Note 1. When 2. This may impact the visibility of very small characters if they are placed close to the edge such as with sports broadcast scores. About the Author. How Does Anamorphic Compare to Zooming? How does anamorphic projection increase the brightness and detail of movies? Consumer UltraWide 4K movies are delivered using horizontal x vertical pixels to maintain their original 2. While no real, additional source resolution is implied, upconversion from real movie content has been proven to not only provide the additional image brightness from those millions of additional pixels but also additional realistic detail and subsequent improved clarity to the projected images.
This restores the original 2. How can you watch TV in your anamorphic 2. The Best Screen Format: 2.During occasions when TV or smaller movies are desired in a mode not filling the screen they can be watched with the Paladin DCR still in place by selecting the Anamorphic D mode see bottom section of How Anamorphic Cinema Works.
The standard Paladin lens may also be used with JVC Anamorphic A and B modes by employing just the central x resolution of the projector. However, the standard, lower cost Paladin will provide less movie brightness and detail enhancement by using only out of the full horizontal resolution; will create slightly greater edge distortion than the DCR; and is only recommend down to a minimum 1.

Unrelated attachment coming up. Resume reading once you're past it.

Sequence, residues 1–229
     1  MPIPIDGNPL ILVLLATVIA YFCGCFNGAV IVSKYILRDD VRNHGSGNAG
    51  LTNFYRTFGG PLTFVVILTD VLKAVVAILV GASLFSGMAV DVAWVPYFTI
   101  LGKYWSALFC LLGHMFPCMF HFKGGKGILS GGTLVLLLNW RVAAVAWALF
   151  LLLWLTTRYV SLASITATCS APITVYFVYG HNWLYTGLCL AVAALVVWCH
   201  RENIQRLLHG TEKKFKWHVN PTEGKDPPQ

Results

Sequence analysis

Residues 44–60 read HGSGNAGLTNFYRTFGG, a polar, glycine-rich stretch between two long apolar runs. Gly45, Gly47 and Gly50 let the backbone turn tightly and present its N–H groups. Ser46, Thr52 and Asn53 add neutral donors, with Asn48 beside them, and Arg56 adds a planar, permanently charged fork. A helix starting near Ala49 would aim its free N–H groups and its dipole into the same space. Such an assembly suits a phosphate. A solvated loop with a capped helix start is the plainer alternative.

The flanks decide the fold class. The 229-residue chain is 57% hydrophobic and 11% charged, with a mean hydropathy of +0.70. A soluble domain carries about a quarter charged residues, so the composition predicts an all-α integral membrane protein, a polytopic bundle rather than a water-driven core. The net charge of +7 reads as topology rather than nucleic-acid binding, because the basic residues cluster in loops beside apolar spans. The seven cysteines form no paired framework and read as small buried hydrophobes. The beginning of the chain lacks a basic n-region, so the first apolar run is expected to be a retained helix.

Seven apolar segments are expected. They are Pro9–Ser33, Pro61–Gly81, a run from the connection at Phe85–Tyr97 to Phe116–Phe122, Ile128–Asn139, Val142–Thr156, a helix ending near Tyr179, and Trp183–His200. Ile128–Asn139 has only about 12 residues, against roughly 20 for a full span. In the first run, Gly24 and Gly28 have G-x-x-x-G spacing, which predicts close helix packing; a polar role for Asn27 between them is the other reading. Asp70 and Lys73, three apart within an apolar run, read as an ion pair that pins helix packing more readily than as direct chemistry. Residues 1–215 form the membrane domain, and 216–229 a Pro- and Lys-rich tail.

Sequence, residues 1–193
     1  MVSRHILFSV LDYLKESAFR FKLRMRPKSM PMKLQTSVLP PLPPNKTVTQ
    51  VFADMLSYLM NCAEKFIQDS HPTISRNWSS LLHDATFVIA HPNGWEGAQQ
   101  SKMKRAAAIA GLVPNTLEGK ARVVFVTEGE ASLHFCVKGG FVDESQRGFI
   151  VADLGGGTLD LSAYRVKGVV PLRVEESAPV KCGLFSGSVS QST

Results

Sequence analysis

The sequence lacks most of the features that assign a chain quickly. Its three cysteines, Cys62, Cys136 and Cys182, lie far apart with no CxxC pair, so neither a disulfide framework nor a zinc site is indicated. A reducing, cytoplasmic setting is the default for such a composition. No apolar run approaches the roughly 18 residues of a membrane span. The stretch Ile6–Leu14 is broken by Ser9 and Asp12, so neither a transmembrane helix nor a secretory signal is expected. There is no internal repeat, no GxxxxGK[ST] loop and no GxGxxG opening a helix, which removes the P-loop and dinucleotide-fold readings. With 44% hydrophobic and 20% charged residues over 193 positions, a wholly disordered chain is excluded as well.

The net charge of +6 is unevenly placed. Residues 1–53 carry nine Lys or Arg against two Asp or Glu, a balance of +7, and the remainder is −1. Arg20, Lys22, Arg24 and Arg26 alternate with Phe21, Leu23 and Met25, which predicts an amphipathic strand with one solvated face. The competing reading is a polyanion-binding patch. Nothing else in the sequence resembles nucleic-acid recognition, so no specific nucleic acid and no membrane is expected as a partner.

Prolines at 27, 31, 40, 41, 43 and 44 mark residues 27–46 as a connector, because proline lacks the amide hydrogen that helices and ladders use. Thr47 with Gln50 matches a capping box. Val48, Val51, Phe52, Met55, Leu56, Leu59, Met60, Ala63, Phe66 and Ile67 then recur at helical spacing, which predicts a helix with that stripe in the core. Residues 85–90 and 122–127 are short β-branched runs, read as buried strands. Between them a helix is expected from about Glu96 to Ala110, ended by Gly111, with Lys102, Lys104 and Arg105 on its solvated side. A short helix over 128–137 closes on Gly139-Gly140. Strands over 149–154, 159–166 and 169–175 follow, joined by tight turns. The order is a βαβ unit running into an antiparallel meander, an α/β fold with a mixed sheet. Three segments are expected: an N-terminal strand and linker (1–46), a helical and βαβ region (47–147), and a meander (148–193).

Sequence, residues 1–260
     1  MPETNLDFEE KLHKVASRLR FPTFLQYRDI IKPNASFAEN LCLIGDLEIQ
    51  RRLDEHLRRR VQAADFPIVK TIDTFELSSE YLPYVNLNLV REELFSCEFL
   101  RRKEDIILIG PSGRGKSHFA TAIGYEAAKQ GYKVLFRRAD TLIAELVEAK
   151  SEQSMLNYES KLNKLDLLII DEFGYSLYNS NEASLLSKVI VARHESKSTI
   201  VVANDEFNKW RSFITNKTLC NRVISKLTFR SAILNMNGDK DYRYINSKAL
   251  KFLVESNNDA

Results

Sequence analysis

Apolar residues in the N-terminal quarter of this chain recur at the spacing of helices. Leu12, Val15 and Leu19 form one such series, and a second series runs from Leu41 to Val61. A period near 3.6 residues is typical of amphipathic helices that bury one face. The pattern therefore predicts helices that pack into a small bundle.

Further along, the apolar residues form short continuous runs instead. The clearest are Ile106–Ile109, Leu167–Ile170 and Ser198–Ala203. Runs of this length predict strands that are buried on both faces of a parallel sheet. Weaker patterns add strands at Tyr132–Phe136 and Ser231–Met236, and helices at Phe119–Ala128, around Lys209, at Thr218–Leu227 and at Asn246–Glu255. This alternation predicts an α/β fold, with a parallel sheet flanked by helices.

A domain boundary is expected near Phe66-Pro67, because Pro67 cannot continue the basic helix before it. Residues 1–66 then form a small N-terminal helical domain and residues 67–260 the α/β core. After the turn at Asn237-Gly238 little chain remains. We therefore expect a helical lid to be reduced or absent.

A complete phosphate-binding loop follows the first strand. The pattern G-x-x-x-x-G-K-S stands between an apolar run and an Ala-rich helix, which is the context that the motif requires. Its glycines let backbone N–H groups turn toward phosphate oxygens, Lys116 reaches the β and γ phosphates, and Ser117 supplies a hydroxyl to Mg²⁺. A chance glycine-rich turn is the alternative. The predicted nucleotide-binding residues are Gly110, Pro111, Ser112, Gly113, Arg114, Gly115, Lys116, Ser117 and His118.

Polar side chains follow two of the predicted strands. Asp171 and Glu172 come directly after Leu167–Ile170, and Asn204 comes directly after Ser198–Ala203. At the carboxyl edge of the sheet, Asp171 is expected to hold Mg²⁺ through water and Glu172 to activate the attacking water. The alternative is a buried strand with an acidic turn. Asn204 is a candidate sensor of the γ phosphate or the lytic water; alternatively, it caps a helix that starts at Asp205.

For these reasons alone the Paladin DCR is the most recommended and most used lens model especially for maximum movie performance. Note also that these projectors only accept 3D content using the Anamorphic A and B modes for the standard Paladin.
This edge distortion decreases with higher throw ratios ie longer throw distances for a given screen size and is very difficult to see above 1. The JVC projector models above can partially correct for residual edge distortion using an internal distortion correction feature applied to the top and bottom edges. Paladin lenses can be adjusted to help fit 2.
Flat screens are always recommended to minimize additional barrel distortion at the top and bottom of the image due to the screen curvature.
A screen border width of at least 40mm is highly recommended to mask residual distortion and slight content aspect ratio variations. Please see the Anamorphic Cinema Design Guide for complete details. Please also visit JVC for the latest firmware update coming end of October, Are you new to anamorphic cinema?
Anamorphic Cinema Design Guide. Are your theater and screen a good match?